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Want to Fight Against Heart Disease? Wear This Bra

Each year, approximately 432,000 women die from heart disease.

Heart disease is the cause of one in every four female deaths. In fact, since 1984, more women have died annually of cardiovascular diseases than men.

Women, however, only make up 25% of the participant pool in clinical trials based around heart research. This discrepancy in numbers has created a large gap in modern cardiology’s understanding of female heart health. Because heart disease prevention measures are based mainly around male symptoms, heart problems in women can often go unrecognized, leading to catastrophic delays in treatment.

Bloomer Tech, an early-stage health tech company founded by women out of MIT, seeks to reshape the way research data is collected in cardiology. By embedding medical-grade sensors into women’s bras, a garment that the majority of U.S. women wear daily, Bloomer plans to collect invaluable research information while simultaneously keeping women up-to-date on their cardiovascular health.

The sensors in these “Bloomer Bras” will be connected to an app via Bluetooth, which the users can then use to access their electrocardiograms, pulse rates, heart rhythms and more. “The women’s bra is a launching point that will drive our commitment to personalizing medicine for all populations affected by chronic diseases,” says Callie Moriarty, Bloomer Tech’s director for Business Development.  

Bloomer Tech Team  

Bloomer Tech was founded by Alicia Chong, Monica Abarca, and Aceil Halaby in 2015. The startup’s concept was first created when Chong and Abarca, both studying engineering at Singularity University, realized how significantly lacking the data was on women in healthcare. “We realized we could use technology to accelerate progress for women’s health,” says Alicia Chong, founder and CEO of Bloomer Tech.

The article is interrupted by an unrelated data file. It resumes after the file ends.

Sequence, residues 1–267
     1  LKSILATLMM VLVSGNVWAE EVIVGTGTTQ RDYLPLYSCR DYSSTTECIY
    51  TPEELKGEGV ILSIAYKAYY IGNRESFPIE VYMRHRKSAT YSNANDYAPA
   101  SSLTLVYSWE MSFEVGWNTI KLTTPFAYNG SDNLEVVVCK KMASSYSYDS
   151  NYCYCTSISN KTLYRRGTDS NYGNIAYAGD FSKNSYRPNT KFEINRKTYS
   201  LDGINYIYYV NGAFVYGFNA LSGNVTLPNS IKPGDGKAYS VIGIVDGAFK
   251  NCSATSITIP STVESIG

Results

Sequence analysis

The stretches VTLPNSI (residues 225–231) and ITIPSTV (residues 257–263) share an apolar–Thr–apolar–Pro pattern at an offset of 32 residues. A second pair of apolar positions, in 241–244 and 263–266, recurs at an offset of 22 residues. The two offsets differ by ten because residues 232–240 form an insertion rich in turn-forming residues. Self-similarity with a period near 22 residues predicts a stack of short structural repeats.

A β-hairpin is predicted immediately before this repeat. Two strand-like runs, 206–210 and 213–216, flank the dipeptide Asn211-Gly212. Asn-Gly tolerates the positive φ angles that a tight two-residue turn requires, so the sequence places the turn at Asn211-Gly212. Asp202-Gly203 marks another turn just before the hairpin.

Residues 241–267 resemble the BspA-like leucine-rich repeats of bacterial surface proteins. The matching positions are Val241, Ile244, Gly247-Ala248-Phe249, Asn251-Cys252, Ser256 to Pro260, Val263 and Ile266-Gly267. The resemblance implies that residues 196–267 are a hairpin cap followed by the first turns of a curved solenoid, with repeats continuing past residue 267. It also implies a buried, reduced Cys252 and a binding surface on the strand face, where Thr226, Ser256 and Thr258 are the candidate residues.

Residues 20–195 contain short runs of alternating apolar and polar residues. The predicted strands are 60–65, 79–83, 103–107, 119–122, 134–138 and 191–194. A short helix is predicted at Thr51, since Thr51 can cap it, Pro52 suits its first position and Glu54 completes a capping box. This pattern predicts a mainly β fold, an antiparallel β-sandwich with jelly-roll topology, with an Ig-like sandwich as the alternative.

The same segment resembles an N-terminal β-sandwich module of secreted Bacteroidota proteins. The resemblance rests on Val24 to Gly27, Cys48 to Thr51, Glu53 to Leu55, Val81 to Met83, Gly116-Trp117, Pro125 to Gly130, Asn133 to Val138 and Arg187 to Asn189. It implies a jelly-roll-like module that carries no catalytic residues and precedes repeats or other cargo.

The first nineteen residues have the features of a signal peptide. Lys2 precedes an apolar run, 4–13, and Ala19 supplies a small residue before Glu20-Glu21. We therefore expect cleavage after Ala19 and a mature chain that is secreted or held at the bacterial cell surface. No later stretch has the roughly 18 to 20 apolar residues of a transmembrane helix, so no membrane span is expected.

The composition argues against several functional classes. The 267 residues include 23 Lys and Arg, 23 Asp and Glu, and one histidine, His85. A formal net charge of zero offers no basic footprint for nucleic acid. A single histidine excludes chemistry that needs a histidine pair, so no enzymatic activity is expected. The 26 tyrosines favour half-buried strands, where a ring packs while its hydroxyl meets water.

Chong went on to meet Halaby in MIT’s Integrated Design and Management program. After presenting Bloomer Tech during MIT’s delta v accelerator program, the team gained more members and began taking the steps to expand out of MIT.

Going forward, the Bloomer Tech team wants to promote the widespread use of personalized datasets in female cardiac health. Because the majority of heart attacks in women occur without any noticeable prior warnings, Bloomer wants to give physicians and their patients a way to predict upcoming emergencies.

By incorporating washable medical technology into bras in a comfortable and fashionable way, Bloomer is creating a way for women to seamlessly incorporate heart health into their daily lives. Simultaneously, the company is promoting the real-time collection of personalized datasets; individualized information that’s becoming more and more relevant as technology advances.   

In 2018, Bloomer Tech’s main focus will be growth and expansion. The company plans to test the Bloomer Bra’s first prototypes as well as to foster further relationships with future staff members, potential partners, and the heart health community. “We were struck by the fact that women’s health research lags far behind that of our male counterparts,” says Aceil Halaby, founder and Chief Operations Officer at Bloomer Tech. “This is our opportunity to design products that are meaningful,”

Bloomer is always looking to collaborate with people aligned in the mission to end heart disease using seamless monitors and unique data for personalized care. Whether you are a potential product tester, heart survivor, experienced physician or  interested party, please reach out to heart@bloomertech.com to share your thoughts. You can also follow Bloomer on Facebook, Twitter, and Pinterest.

Header Image Credit: Bloomer Tech

Emily McNeiece

Emily McNeiece

    Emily NcNeiece, a sophomore Publishing major at Emerson College, brings to MedTech a lifelong passion for the written word. As a current editor for Emerson’s Generic and Atlas magazines, and a reader for The Emerson Review, Emily loves engaging through text with the world around her. In her spare time, she enjoys cross-country running, short story writing, and watching just a bit too much TV.

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